For most the idea of foreclosure is a nightmare, for others it’s their reality. To properly examine foreclosure we should know what the term foreclosure technically means. Foreclosure, is defined as a legal action or process by which the lender obtains a court ordered termination of the borrowers equitable right of redeeming the property. Others, besides lenders, can foreclose on a real estate property, as well. These others can include the city or state for back taxes, unpaid contractors can take action to foreclose, even neglecting homeowners association dues can cause the foreclosure on an otherwise up to date loan.
The process of foreclosure is a painful, heart aching experience for any homeowner or real estate investor. The process entails first, of course, missing multiple payments, sometimes just one missed payment is enough for the lender to send out a notice to accelerate. This action is, usually, taken after 60 days of delinquency, or failure of payment.
If the borrower does not make the loan current, the mortgage lenders next step is to send a demand letter. If you receive this, that means the mortgager has hired an attorney to write and formally notify the borrower thatÂ the loan has to be brought to current immediately, or the foreclosure process will begin.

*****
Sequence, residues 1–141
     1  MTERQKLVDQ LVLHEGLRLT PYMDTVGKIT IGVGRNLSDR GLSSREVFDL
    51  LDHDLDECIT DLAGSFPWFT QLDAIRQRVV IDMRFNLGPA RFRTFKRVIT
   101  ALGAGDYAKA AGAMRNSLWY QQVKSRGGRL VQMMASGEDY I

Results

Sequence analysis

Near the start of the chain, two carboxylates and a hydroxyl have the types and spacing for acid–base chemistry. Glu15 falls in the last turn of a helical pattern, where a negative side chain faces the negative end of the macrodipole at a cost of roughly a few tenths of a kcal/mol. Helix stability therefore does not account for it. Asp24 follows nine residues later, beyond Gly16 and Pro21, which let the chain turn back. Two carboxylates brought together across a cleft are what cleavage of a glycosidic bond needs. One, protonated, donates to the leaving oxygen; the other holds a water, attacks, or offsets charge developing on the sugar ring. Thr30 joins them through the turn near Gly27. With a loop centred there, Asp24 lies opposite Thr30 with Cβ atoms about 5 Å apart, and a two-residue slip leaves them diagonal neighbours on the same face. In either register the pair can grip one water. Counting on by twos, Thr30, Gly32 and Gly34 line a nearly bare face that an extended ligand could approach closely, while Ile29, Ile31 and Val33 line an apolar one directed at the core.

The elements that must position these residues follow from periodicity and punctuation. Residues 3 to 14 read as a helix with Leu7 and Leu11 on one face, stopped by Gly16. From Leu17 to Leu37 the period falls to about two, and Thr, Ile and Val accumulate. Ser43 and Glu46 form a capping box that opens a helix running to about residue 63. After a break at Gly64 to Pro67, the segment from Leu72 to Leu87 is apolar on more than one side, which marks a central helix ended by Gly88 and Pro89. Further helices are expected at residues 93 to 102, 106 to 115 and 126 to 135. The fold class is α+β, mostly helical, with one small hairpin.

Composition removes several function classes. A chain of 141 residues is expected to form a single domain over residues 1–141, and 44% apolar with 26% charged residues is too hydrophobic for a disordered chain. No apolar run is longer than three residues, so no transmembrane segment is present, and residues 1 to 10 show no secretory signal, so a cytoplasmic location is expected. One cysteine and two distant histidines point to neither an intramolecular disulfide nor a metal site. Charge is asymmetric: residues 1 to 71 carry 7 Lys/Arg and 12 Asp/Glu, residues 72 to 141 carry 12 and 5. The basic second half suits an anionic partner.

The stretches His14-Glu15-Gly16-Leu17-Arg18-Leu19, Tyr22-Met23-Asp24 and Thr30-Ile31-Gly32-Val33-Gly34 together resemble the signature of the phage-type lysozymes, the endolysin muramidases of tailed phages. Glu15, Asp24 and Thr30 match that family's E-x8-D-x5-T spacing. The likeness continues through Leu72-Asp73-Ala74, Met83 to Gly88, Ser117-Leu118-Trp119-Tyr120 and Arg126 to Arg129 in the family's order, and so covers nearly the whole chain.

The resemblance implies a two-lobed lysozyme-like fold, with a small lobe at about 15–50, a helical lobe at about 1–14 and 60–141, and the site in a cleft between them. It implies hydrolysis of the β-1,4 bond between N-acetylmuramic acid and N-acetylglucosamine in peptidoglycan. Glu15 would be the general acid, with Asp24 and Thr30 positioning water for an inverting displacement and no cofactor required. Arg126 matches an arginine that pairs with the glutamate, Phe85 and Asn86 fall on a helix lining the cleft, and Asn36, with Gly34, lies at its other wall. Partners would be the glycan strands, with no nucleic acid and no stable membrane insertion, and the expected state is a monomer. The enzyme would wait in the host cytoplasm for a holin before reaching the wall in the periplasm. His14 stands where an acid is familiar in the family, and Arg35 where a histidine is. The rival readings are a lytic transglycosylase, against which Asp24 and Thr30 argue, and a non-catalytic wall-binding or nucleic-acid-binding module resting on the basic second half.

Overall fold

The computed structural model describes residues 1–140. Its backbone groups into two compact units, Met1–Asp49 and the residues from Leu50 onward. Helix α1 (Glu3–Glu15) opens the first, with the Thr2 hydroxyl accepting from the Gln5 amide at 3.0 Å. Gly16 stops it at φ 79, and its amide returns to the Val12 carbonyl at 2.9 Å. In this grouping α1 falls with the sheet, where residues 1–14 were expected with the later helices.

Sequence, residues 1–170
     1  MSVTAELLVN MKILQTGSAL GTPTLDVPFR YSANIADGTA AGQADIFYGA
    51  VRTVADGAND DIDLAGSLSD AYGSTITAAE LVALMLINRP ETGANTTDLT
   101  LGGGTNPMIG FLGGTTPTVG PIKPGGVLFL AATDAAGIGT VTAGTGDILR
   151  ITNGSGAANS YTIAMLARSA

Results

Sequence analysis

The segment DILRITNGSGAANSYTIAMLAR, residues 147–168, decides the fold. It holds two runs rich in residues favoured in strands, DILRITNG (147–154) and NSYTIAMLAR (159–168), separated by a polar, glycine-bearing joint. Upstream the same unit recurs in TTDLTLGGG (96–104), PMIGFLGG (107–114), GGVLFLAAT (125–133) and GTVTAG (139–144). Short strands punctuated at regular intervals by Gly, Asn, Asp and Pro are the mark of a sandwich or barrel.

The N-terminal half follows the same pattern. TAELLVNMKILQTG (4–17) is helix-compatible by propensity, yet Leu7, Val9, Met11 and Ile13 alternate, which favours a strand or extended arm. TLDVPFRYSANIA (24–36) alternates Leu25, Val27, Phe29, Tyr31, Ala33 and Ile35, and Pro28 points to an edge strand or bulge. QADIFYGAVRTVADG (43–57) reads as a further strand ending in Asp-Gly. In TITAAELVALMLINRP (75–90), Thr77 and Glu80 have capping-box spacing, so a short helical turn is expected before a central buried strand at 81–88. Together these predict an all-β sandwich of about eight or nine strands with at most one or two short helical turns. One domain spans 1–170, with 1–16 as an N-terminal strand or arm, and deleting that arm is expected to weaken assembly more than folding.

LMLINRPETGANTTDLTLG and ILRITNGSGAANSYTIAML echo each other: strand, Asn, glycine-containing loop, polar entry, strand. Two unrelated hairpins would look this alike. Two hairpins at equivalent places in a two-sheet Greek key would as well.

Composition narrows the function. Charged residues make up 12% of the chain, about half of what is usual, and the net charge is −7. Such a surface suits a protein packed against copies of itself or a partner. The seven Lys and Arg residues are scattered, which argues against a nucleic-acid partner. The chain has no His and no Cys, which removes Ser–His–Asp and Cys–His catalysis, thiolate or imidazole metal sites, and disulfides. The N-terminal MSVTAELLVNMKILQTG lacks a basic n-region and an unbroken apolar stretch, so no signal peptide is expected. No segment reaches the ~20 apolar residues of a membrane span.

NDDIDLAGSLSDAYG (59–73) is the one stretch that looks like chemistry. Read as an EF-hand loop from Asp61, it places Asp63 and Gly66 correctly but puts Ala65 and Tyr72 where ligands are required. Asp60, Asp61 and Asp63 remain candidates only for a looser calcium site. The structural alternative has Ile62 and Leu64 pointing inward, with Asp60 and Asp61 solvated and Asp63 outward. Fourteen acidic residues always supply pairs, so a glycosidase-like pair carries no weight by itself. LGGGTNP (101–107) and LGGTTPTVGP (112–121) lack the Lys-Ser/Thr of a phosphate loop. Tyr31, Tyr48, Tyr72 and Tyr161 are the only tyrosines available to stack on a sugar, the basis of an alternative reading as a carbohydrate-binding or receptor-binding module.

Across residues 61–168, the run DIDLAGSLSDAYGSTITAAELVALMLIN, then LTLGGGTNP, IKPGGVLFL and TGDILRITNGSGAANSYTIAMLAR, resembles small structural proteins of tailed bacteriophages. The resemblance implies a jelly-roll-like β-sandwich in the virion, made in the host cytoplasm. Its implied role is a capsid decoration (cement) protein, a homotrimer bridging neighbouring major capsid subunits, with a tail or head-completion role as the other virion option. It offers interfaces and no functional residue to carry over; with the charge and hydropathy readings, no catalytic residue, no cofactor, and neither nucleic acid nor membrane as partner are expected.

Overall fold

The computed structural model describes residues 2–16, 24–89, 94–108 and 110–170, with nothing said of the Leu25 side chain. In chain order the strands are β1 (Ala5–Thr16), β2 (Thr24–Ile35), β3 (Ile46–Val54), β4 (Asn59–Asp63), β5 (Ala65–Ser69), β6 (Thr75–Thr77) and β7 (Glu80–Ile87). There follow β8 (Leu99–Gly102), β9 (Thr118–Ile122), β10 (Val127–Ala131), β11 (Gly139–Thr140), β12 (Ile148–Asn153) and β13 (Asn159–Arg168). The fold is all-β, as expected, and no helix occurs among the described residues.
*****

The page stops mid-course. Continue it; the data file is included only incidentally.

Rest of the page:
If the loan has not been made current after receiving the demand letter, the lenders next act is to issue a notice of default. This notice will have the full amount the borrower owes to keep the property their own. The borrower has no more than thirty days to respond a notice of default, before the actual foreclosure process proceeds.
If the borrower was foolish enough, or just lacking the will, not to respond to the previous notices and warnings, a notice of sale will be sent. At this point, a sheriffs auction date has been set and your property will be sold to the highest bidder. The best chance any real estate owner has to keep their property is not to become delinquent with the payments, which can be, admittedly, harder to do than it is to write.
The bottom line for any lender, is that they want you to keep what you have, they want the loan to be paid off as it was scheduled to be. Talk with your property or mortgage lender, keep in close communication with your loan officer, and you never know when they may offer some friendly advice that will save your property. If the relationship is in decent standing they may even cut you a break and work out a standard payment schedule to get the past due amounts back to being current.
The definition of foreclosure is available at, http://en.wikipedia.org/wiki/Foreclosure.